Medieval and early modern queenship is a fascinating area of historical research. In European history, it focuses on such famous queens as Eleanor of Aquitaine (of France and later of England), Catherine de’ Medici of France, or Elizabeth I of England. Indeed, western European queens seemed to have enjoyed a degree of freedom (by the standards of the era in which they lived) that their eastern European counterparts could only dream about.
Women’s role in countries like Poland and Lithuania was very limited outside the home. Even if they were nobles or royals, their duties centered on bearing children, playing hostess at feasts and banquets, and supervising the domestic staff. They were not expected to remain at the table after a certain hour, and while there they tended to speak among themselves and not to men, especially if those men were not related to them.
When Bona Sforza (1494-1557), the heiress to the Duchies of Milan and Bari, married Poland’s King Zygmunt (the Old) of the Jagiellon dynasty in 1518, she had brought with her not only new fashions and foods previously unknown in the north, but also different manners. She and her ladies talked and laughed at the table rather than being quiet and demure. Some courtiers enjoyed it, but many were scandalized.
Bona’s unorthodox approach to her role went beyond eschewing social conventions. She was highly educated (contemporary sources claimed that she could recite the works of Petrarch by heart), well-versed in history, classical studies, and politics. When she became wife to a king who was not only past his prime (he was 51, old by the standards of the time), but well-known for his indecisive nature and avoidance of conflict, she quickly moved to assert a role as his informal advisor and co-ruler.
She was keenly interested in the economic situation of the kingdom (especially its backwards agricultural practices, which she set out to reform) as well as in foreign policy. A staunch supporter of an alliance with France, she was fiercely anti-Habsburg, working to strengthen Poland against the Austro-German dynasty’s influence and expand Poland’s strategic access to the Baltic coast. In subsequent centuries, this would prove to have been a correct and farsighted approach, but at the time it earned Bona a great deal of criticism. One of her biggest detractors was Grand Chancellor Krzysztof Szydlowiecki, who promoted a pro-Habsburg policy and had a significant sway with King Zygmunt. There is good evidence that Szydlowiecki may have been on the emperor’s payroll.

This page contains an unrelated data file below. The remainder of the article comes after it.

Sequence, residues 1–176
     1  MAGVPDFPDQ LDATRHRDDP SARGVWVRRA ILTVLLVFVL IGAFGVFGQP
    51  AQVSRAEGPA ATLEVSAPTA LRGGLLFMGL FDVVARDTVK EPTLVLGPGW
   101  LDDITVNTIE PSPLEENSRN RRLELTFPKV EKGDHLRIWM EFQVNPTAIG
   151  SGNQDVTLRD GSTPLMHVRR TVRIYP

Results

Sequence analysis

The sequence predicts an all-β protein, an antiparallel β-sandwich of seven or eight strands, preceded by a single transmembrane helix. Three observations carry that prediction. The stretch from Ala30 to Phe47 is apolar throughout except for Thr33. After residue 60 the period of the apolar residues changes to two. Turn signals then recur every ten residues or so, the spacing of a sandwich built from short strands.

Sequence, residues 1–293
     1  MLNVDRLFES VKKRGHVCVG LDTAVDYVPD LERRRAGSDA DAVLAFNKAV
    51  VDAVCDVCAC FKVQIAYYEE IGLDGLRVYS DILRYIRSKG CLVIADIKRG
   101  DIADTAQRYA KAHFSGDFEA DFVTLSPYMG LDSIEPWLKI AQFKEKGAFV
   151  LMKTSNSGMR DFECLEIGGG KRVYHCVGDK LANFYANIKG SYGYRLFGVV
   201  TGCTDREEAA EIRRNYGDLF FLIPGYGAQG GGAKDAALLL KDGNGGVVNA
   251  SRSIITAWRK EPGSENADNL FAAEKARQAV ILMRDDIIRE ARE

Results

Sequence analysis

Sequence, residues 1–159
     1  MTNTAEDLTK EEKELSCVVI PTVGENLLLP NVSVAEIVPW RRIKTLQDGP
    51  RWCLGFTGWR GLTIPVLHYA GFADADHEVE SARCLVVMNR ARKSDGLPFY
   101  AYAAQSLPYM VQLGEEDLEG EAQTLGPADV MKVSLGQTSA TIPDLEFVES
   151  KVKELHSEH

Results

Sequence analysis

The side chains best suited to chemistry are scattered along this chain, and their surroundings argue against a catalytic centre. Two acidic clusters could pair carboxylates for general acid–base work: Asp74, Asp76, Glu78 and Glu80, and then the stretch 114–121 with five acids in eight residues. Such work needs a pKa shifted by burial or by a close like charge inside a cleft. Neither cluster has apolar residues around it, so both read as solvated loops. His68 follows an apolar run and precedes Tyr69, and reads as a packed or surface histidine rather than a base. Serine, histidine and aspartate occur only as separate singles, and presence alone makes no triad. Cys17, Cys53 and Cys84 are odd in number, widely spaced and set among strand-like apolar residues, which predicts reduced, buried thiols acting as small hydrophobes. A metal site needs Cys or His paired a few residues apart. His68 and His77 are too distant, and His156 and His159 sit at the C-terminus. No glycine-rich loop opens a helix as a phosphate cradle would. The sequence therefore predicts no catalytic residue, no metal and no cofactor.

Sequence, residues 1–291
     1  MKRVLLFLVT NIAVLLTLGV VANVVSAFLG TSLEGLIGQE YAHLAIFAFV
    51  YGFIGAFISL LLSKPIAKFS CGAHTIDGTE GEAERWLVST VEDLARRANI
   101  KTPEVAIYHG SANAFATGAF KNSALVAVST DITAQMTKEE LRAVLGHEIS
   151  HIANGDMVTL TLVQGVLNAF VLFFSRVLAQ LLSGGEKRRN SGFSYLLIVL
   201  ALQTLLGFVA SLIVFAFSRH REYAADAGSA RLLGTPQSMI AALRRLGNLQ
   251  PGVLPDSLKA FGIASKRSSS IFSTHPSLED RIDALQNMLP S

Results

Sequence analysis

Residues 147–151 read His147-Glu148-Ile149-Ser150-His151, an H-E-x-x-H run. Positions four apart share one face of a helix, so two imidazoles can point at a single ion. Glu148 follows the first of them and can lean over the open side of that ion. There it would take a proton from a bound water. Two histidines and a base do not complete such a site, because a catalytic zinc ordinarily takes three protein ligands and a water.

Queen Bona received dower lands from her husband upon arriving in Poland, and made a lot of money through their wise management that included far-reaching reforms that increased crop yields. With the profits she bought more lands, over time increasing the Jagiellonian fortune and adding much-needed revenue to state coffers. Yet, despite her efforts and successes she was reviled by the aristocracy that saw her activities as unnatural for a woman, and her gains illegitimate for a foreigner.
When her son and heir to the throne Zygmunt August married Barbara Radziwill, who came from a minor noble family and had a colorful past, Bona came out strongly against the new daughter-in-law. She had dreamed about a French princess for her son, which would have been the right move from the political standpoint. Not long after the wedding, Barbara began ailing and died at the age of thirty. The cause of her death was most likely cancer (or possibly a veneral disease), but rumors were rampant that Bona had poisoned Barbara. Most historians consider that to be untrue.
The marriage had estranged the queen from her son, a break that deepened after the old king’s death. By the 1550s, Bona, increasingly alone, took to investing her massive fortune in a series of more or less successful projects all over Europe. She also loaned an exorbitant sum of 430,000 ducats to King Philip II of Spain. Notoriously in debt and duplicitous by nature, the king had no intention of paying the dowager queen back. Instead, he bribed her servant Gian Lorenzo Pappacoda to poison Bona in the fall of 1557.
King Zygmunt August was Bona’s only son, and he died in 1572 without an heir. The Jagiellon dynasty was coming to an end. The surviving children of Bona and Zygmunt Stary were daughters, including Anna. She and her husband Stephan Bathory became co-rulers, and after Bathory’s death in 1586 Anna had the opportunity to become queen regnant. However, she decided not to do pursue it and promoted her nephew Zygmunt III Vasa, son of her sister Katarzyna and the king of Sweden, instead. How ironic that she had given up a role that her mother would likely have taken up in a heartbeat, and with relish.
Was the decision to step aside the result of Anna’s more conservative Polish upbringing? We will never know for sure. The fact remains that Bona stands as a rare example of an ambitious, assertive, independent, and uncompromising queen in Poland’s history. It was a trait that had earned her great wealth and influence, but it also blackened her reputation and ultimately cost her life.
My upcoming historical mystery Silent Water, set at Queen Bona’s court in Cracow in 1520, will be available on pre-order on Amazon on June 17, 2019 and will be released on August 6, 2019.